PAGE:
Nope. Nope nope nope. I would burn it. I hate spiders. My friend is from Australia, and she once had to get a spider out of her shower with a plate and a pot because the thing was too big to put in a regular drinking glass.
How do you even get close to such a monster without burning the whole house down? You HAVE TO get high or drunk first, I would suggest!
This is legitimately the most useful sentence on duolingo for me. Det ligger en hund på puten min. Now I can complain about Loki in Norwegian!
Why isn't the cat the subject of the sentence? Wouldn't this be more natural: "En katt ligger på puten min"?
In this case, 'det' can be used as 'there'. As in, "There (points) lays a cat on my pillow".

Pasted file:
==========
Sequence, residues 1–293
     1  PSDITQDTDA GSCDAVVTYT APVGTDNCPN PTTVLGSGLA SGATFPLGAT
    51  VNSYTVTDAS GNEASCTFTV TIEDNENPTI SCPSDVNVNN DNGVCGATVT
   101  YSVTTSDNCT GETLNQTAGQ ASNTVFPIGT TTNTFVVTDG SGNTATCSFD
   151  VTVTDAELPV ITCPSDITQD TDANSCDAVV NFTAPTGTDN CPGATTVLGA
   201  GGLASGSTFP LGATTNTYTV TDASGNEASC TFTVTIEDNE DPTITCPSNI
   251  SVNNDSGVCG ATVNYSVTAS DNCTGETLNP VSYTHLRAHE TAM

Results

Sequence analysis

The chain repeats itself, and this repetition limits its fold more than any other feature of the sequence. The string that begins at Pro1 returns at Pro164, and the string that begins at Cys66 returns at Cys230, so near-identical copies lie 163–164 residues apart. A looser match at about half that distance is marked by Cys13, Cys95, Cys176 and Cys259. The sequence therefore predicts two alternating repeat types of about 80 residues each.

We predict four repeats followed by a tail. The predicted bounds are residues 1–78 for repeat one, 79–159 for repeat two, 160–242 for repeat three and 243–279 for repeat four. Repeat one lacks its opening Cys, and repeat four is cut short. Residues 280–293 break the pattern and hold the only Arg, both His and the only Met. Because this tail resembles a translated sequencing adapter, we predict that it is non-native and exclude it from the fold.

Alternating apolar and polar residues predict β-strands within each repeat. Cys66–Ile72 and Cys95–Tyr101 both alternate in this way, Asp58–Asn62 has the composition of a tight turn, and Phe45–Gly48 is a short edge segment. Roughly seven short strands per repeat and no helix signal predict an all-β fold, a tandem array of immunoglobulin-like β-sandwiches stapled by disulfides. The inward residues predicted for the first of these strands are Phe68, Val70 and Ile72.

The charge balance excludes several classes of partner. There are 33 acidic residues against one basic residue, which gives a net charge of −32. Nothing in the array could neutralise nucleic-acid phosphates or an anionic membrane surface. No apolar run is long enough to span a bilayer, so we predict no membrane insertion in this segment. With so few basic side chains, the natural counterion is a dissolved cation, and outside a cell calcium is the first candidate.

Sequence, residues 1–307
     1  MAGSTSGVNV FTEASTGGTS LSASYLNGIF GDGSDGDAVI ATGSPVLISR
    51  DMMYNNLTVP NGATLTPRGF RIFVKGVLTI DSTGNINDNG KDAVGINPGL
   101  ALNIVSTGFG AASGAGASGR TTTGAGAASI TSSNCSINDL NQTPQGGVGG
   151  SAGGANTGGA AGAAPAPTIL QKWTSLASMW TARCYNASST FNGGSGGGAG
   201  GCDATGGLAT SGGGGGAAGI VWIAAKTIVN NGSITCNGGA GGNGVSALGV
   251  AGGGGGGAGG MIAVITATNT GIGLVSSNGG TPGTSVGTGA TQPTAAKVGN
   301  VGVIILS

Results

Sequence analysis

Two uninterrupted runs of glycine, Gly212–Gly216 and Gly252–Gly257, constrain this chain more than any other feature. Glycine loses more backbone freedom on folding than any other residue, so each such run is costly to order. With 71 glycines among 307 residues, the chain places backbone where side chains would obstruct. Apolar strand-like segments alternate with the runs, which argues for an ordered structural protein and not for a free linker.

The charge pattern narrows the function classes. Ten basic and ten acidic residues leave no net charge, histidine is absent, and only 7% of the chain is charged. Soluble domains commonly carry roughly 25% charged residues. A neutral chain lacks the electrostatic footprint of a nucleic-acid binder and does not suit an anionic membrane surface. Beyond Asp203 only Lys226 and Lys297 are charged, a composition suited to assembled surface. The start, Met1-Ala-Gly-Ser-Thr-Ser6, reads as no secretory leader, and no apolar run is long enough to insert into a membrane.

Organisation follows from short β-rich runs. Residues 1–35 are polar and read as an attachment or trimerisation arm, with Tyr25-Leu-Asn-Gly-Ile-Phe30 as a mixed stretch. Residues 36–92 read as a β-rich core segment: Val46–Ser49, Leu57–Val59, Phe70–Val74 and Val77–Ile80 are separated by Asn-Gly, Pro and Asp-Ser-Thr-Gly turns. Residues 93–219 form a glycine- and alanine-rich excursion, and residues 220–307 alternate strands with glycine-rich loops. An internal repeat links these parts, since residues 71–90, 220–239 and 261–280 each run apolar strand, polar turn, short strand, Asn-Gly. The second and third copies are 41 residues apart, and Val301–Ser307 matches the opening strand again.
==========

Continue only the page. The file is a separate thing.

This sounds like "There is a cat lying on my computer", which happens much more often in my house!
Is there really a reason in Norwegian why "A cat is lying there on my pillow" should be regarded as an unsatisfactory translation?
I suspect because the Norwegian didn't include "der" in the sentence.
Hmm. Well, In this case "det" translates as "there" according to the "correct" translation, and in English "There is a cat lying on my pillow," "There lies a cat, on my pillow," and "A cat is lying there on my pillow," "there" has the same meaning in each version, and the sentences differ only in rhythm, with no significant difference in meaning.
But there is a difference between saying "there is something" which simply signifies that something exists and "something is there" which implies a location. It's a subtle distinction but it is there.